Oxygen Machine Hijinks

The aviation world limits the kind of devices you can take on board an aircraft.  Makes sense.

However, there are many folks under the impression that, if they use oxygen on a regular basis, they can simply use the oxygen on the airplane during their flight.


To fly with O2 you must use an approved concentrator.  Makes sense.

Trouble is that most folks who rent these devices don't crack open the instructions taped over the controls, which clearly state to charge the batteries BEFORE traveling.

A woman is short of breath

On our way!

We get an update just pulling out of the station that the caller states the woman now only needs her oxygen machine charged or a bottle of oxygen.
Yeah, because we just keep those in reserve and hand them out for free.

About 2 minutes out from the scene, after slowing everyone down to code 2, I receive the following message from dispatch, "Units responding to the oxygen call, you can cancel, caller states patient is now smoking a cigarette."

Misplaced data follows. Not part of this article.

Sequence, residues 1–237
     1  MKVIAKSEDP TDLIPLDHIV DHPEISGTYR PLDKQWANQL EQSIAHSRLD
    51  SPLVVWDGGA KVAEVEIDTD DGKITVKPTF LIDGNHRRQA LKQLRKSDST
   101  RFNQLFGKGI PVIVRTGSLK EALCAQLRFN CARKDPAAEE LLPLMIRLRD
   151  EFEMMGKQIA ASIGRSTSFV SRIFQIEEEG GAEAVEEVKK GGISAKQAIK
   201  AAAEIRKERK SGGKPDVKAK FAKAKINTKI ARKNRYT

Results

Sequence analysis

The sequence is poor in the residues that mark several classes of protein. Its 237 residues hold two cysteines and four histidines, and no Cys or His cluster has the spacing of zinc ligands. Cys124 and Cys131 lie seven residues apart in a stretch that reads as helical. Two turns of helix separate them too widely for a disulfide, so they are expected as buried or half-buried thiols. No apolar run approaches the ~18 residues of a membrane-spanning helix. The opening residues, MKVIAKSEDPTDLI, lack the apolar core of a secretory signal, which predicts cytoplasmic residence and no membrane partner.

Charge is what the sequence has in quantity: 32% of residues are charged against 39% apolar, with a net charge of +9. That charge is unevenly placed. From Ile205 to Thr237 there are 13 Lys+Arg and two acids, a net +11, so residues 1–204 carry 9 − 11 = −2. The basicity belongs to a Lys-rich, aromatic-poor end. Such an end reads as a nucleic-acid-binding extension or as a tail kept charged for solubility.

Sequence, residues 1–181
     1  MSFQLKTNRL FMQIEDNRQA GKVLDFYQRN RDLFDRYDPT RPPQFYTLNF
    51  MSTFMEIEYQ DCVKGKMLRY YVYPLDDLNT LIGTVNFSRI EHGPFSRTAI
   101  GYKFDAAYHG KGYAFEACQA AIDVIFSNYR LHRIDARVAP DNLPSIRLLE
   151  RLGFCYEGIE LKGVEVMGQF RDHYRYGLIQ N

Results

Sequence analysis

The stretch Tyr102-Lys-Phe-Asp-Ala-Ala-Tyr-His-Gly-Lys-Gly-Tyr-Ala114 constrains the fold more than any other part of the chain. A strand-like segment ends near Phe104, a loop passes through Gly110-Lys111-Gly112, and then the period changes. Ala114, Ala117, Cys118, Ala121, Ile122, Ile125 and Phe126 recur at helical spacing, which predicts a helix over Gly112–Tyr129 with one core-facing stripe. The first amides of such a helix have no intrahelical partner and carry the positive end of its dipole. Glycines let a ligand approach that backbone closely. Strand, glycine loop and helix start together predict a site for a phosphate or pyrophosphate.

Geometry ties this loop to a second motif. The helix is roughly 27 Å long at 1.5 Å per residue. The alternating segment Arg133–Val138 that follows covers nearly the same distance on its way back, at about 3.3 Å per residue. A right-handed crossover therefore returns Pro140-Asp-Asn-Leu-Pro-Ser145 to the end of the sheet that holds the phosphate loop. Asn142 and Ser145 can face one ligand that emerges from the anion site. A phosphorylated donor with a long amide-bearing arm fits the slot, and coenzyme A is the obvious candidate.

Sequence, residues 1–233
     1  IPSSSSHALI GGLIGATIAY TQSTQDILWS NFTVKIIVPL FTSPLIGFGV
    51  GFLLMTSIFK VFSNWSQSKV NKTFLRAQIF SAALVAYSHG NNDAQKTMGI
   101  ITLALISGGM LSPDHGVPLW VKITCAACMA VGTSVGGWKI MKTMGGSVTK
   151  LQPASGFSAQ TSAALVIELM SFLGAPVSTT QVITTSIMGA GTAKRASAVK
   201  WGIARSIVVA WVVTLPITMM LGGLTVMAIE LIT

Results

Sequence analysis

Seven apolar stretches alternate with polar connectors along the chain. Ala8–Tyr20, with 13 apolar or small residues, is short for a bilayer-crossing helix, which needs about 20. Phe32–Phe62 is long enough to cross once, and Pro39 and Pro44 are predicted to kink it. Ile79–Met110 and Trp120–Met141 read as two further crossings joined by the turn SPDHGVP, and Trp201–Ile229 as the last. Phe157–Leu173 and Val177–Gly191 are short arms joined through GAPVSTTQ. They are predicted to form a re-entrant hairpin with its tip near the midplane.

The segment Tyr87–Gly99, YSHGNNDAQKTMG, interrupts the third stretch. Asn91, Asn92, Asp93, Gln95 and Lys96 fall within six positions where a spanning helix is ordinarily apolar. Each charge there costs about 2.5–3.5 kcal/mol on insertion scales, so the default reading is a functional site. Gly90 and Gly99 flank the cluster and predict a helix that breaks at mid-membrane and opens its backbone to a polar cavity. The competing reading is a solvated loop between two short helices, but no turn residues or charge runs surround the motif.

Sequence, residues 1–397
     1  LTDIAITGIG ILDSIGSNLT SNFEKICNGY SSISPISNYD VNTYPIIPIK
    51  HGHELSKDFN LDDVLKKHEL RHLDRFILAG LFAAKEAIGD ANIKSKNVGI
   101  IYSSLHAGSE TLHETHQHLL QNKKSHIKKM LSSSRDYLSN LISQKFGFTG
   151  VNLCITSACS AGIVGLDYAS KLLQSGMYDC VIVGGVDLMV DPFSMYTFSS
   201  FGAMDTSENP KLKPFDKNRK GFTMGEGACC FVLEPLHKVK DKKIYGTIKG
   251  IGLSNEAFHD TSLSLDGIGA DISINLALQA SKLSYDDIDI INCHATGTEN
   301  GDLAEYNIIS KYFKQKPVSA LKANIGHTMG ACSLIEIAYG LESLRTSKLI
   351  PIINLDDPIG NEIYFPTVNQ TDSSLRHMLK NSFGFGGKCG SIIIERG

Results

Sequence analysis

I had a decision to make.  A decision that faces all 911 providers when faced with a call like this:

Laugh first, then reply, or reply then laugh.  I did the former.

Arriving on the scene, since simply canceling doesn't actually solve the problem, I am met with a woman in a wheelchair who rented an oxygen machine yesterday and is baffled as to why it isn't working.  The instructions are still sealed in the bag taped over the start button.  Add to that she has checked the charger in instead of keeping it in her carry on bag.

I run inside and catch an airline employee who quickly runs down to the ramp level and retrieves her bag.
Plugged into an outlet and charging the first of 2 batteries she is still baffled as to why they don't rent out charged batteries.

She is not alone.  It is fair to say that more than a few times a week we are called to "change out" an oxygen bottle, only to be met with someone who has a little concentrator and no fresh batteries.

Problem solved, mischief managed, back in service.